Strength and balance programmes can help us live well – so why aren’t they available for all?
Strength and balance training programmes can help people at risk of falls live safely and independently, but their availability is a postcode lottery.
Jane McDermott, our Programme Development Manager for Healthy Ageing, tells the story of two people who had very different experiences in the aftermath of suffering a fall.
Over the past year, I have been involved in delivering a project focussed on increasing the availability, provision and uptake of community-based strength and balance exercise programmes. The OTAGO and Fitness and Mobility Exercise (FaME) programmes are both proven to reduce falls and risk of falls for older adults living in the community. OTAGO can be delivered at home or within a community setting, whilst FaME is mainly delivered in group settings by highly-skilled exercise instructors.
Both are offered either as part of a rehabilitation programme after a fall, or as part of a community programme of prevention. In our travels across England working with local areas and trying to further understand how these programmes were funded and delivered, we came across a great variety of practice. In some areas, both types of programme were on offer, providers had strong links with referral pathways (eg. GPs, Physiotherapist, Rehabilitation Services, Falls Services). Yet in other areas, things were not so joined-up.
As we delved deeper into local community provision, we met a number of individuals who really reaped the benefits that good, joined-up, person-centred pathways could deliver. We met Catherine (83) who was living with a number of long-term conditions, and as a result, was a frequent faller. Catherine had been referred to a community-based FaME programme by her GP. She had a local class – which was easy to get to on the bus – that was delivered by Lucy, a skilled exercise instructor. Catherine attended her weekly class, met new friends, always completed her home exercises, and over time became more confident.
She learnt how to get up from the floor so that when she did have a fall, she could get up herself and continue with her daily activities. Catherine was often out visiting friends, taking part in community activities and enjoying a happy later life. Where Catherine lived, services were well funded and organised, referral pathways were working well because all local healthcare professionals were well informed, knew about Lucy’s classes and referred into them.
When community-based services are person-centred, have co-created pathways which are shared and skilled instructors who understand how to deliver evidence-based exercise programmes, people at risk of falls are more likely to be able to live well in later life.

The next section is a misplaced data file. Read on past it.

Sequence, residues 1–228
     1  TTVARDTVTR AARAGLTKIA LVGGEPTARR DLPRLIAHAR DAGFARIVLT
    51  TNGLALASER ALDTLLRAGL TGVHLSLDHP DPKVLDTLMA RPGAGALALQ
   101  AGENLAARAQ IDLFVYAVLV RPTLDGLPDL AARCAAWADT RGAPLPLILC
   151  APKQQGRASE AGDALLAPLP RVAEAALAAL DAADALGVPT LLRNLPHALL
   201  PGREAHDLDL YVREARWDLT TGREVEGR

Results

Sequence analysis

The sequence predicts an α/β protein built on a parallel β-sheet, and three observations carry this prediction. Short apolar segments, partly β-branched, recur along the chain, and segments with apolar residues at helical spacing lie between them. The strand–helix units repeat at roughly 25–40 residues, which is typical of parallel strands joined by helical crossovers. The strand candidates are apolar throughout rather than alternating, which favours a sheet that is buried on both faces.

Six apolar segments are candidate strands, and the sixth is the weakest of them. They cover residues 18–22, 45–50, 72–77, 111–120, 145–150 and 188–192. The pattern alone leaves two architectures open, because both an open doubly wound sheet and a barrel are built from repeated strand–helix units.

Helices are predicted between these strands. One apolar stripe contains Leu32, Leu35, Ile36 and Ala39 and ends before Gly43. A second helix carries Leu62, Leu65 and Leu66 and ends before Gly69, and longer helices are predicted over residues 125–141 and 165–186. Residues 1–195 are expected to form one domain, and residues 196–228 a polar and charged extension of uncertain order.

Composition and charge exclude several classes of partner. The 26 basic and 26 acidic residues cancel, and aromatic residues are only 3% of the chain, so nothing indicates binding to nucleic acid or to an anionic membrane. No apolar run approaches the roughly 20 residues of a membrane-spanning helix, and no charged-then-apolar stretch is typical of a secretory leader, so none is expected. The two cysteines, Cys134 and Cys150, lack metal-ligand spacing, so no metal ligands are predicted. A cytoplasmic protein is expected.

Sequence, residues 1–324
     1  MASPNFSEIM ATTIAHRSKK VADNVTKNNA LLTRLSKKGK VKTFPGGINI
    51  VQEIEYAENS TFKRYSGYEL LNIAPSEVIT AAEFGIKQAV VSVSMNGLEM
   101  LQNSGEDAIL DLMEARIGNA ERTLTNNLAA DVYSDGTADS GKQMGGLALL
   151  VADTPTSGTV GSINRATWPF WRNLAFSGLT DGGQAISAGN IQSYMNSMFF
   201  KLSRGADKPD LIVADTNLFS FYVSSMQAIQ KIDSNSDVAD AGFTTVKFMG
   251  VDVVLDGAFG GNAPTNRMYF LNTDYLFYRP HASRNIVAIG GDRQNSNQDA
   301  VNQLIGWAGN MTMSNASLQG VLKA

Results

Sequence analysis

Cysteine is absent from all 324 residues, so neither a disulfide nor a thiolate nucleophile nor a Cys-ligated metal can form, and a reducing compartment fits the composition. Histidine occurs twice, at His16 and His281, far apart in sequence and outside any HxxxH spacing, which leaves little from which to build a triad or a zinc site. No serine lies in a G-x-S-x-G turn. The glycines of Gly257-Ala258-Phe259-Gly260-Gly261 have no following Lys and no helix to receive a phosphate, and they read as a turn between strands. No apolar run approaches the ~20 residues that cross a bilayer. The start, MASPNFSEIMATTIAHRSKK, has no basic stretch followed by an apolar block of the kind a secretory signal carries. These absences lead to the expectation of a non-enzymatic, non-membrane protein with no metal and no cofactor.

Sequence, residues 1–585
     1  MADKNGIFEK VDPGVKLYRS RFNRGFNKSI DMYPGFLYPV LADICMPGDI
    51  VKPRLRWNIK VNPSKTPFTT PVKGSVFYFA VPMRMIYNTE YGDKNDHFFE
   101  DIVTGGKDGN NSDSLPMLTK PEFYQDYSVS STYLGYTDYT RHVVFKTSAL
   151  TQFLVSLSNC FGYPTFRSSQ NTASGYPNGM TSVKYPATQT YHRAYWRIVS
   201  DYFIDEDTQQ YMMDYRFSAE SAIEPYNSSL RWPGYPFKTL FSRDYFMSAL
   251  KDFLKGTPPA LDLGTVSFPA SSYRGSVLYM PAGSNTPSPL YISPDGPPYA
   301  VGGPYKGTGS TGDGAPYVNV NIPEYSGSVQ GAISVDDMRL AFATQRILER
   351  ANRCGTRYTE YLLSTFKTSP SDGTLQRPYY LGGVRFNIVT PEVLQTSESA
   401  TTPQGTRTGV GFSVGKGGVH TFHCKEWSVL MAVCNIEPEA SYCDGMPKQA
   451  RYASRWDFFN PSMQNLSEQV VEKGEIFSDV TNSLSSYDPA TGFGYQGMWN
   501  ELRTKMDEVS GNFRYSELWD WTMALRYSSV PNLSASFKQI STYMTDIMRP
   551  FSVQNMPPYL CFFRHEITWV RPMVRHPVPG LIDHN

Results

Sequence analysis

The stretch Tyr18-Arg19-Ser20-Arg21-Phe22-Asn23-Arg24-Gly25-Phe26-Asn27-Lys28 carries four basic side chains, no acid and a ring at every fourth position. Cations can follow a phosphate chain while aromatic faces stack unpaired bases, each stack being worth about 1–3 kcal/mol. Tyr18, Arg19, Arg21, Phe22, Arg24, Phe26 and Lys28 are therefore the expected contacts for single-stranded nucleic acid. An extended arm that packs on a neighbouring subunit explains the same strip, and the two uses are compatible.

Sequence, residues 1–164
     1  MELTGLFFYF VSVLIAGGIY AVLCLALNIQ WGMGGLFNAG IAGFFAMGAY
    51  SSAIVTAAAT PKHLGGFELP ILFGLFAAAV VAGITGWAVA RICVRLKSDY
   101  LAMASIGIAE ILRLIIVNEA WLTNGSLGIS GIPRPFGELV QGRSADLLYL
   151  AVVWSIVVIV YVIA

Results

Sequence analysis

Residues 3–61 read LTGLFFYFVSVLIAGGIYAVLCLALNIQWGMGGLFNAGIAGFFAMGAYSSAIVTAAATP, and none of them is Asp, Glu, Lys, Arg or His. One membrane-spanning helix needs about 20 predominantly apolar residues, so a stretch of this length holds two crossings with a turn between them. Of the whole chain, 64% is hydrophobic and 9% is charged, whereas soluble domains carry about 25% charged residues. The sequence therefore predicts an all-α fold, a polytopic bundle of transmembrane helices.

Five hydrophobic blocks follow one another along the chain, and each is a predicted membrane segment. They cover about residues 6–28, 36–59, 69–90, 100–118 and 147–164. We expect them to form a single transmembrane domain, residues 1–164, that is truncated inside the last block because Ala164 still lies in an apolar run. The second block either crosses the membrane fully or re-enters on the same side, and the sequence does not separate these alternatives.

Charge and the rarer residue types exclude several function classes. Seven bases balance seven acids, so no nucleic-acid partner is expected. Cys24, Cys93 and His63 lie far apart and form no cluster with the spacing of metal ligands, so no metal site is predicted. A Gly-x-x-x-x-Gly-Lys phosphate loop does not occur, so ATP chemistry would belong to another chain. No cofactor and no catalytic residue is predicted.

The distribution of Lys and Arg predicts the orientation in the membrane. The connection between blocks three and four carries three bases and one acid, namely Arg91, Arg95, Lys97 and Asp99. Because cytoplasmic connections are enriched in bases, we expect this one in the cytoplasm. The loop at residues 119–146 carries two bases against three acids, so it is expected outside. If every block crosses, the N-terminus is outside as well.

In contrast to Catherine, we met Susan. Susan (62) was working part-time where she was paid the minimum wage and had no family or support nearby. Susan had experienced three falls in the 12 months before we met. The first fall resulted in a fractured wrist. She was immediately referred to her GP, where following some tests, she was diagnosed with borderline osteoarthritis. Advised to take a supplement, she was not referred onto any strength and balance programmes. Her second fall did not involve any physical injuries, but mentally, Susan started to be concerned about going out, and attending work became a challenge.
Her third fall was backwards down a series of concrete steps in the flats where she lived. She was told by the paramedic that there were no fractures, but three days later, and in a lot of pain, Susan made her way to the local accident and emergency department where she was told she had fractured her wrist again. At no point did anyone suggest Susan should attend a strength and balance exercise programme to help her build her strength, improve her balance, gain greater confidence and in the long run, reduce the risk of future falls.
This is an example of health inequalities: two people living in different areas, but each experiencing very different levels of support and access to evidence-based community exercise provision. These two stories still resonate with me today. When community-based services are person-centred, have co-created pathways that are shared, and skilled instructors who understand how to deliver evidence-based exercise programmes, people are able to live well in later life.
On the contrary, for those living in areas of high deprivation, where services are poor – often due to underfunding – are not joined up and lack good leadership, inequalities in health continue to impact on those living in our communities.